Northern Ireland Minister Steve Baker is proposing to reopen the Brexit trade deal David Frost struck with the EU as a way to address the problems caused by the Northern Ireland Protocol.
The proposal comes after Rishi Sunak moved to quell a rebellion within the Conservative Party over suggestions that Downing Street is considering a Swiss relationship with the EU to ease wider trade barriers to food and agricultural products.
In a confidential document circulating at the Northern Ireland Authority, Baker outlines potential ways to remove the role of the European Court of Justice in disputes, something both trade unionists and the Eurosceptic European Study Group are calling for.
The proposals essentially revert to a sequential argument that the UK lost in 2017 while the Conservative Party was in turmoil over whether to stay in the EU’s customs union and single market.
When it failed to secure the necessary commitment from Theresa May, the EU decided that the Northern Ireland Protocol should be placed in a legally binding Withdrawal Agreement rather than a trade deal.
In the paper, Baker suggests reversing this sequencing in retrospect to end the dispute over the Northern Ireland Protocol.
He suggests updating the trade agreement by adding a “chapter on customs cooperation” and amending the protocol to include a dispute mechanism that does not involve the ETS.
But experts say it could be an insurmountable challenge.
“All of this is theoretically possible, but whether the EU will agree to it is another matter,” said Catherine Barnard, a professor of EU law at the University of Cambridge and UK deputy director at the “Changing Europe” think tank.
She said the EU “has taken a very strong position” that the ECJ must play a role in the protocol if Northern Ireland is to stay halfway – abiding by both UK and EU trade rules.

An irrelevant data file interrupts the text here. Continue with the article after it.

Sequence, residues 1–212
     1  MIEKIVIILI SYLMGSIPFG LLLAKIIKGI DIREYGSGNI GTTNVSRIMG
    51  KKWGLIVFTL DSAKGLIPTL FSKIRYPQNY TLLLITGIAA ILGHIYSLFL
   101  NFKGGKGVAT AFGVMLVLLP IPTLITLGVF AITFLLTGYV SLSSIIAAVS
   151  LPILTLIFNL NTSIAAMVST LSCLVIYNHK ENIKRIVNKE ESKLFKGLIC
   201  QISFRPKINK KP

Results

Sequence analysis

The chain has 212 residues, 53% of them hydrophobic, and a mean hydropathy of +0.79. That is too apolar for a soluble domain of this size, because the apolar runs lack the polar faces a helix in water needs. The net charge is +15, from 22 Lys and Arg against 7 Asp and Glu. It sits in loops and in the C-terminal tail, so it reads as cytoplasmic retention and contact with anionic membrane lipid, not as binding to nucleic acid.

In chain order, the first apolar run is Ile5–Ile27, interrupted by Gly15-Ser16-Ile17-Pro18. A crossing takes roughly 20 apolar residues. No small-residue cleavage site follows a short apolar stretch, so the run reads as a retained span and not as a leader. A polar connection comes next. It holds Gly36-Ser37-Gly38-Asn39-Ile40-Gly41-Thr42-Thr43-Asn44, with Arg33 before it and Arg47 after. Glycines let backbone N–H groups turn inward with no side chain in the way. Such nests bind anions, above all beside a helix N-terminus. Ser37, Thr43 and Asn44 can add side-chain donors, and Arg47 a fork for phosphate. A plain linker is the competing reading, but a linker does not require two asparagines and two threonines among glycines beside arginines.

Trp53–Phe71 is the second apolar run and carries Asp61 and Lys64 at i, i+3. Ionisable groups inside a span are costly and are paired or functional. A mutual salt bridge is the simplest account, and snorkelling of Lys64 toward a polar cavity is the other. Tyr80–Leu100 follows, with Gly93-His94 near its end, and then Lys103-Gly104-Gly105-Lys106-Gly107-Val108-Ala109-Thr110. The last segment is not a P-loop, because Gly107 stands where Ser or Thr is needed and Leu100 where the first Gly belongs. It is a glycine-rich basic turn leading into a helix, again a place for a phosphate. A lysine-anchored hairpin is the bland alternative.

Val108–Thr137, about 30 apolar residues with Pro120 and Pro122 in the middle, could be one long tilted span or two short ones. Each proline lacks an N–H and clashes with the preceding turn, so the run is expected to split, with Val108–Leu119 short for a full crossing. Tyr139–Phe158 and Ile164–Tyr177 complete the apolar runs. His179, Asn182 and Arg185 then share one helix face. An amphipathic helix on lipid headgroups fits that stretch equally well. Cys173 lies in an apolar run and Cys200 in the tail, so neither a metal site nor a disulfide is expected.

“The EU will say until it blues its face that because Northern Ireland remains in a customs union, because everything from packaging to things as rare as animal semen is subject to EU law, the ECJ must play a role because it is the sole arbiter of its own law,” she said .
Katy Hayward, professor of political sociology at Queen’s University Belfast, said it was hard to imagine the EU revising deals that have taken four tumultuous years of negotiations.
“The trade terms between the UK and the EU have a direct impact on the challenges facing post-Brexit Northern Ireland, which is located between the UK and Ireland. Thus, the recognition that TCA has implications for the operation of the protocol is welcome. However, if [vice-president of the European Commission’] Maroš]Šefčovič has no mandate to rewrite the Withdrawal Agreement to fix the protocol, and certainly no mandate to change the TCA.
‘Although in both contracts there is the possibility of adjustment by mutual decision between Šefčovič and [UK foreign secretary James] Cleverly, it wouldn’t be enough to make substantive changes or add new chapters,” Hayward said.
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But Baker argued that although it is a “narrow and steep” path, there is a political will to find a solution to the Brexit issue in Northern Ireland, given that US President Joe Biden, the EU, Ireland and the UK governments have expressed their determination to find a negotiated solution before 25 anniversary of the Good Friday Agreement in April next year.
Under the current arrangements, businesses shipping goods from the UK to Northern Ireland must comply with EU customs rules and regulations and standards.
The EU has proposed a light express lane for goods that remain in Northern Ireland such as sausages, ready meals and garden produce including seed potatoes and trees, for supermarkets and garden and farm shops.
The UK called for a similar system with “green lanes” for lorries loaded with goods bound for Northern Ireland and “red lanes” for goods destined for the Republic of Ireland and the EU.
Šefčovič recently said that this system would limit checks to a few trucks a day.
Last year, Šefčovič said a Swiss trade deal would get rid of 80% of checks as it would mean that food and farming standards in the UK would be legally aligned with the UK.
However, Sunak dismissed reports that he was now considering it as an option on the wider UK-EU stage, saying earlier this week that having “regulatory freedom” to deviate from EU standards was a key advantage, insisting that no it will be devoted to any future discussions.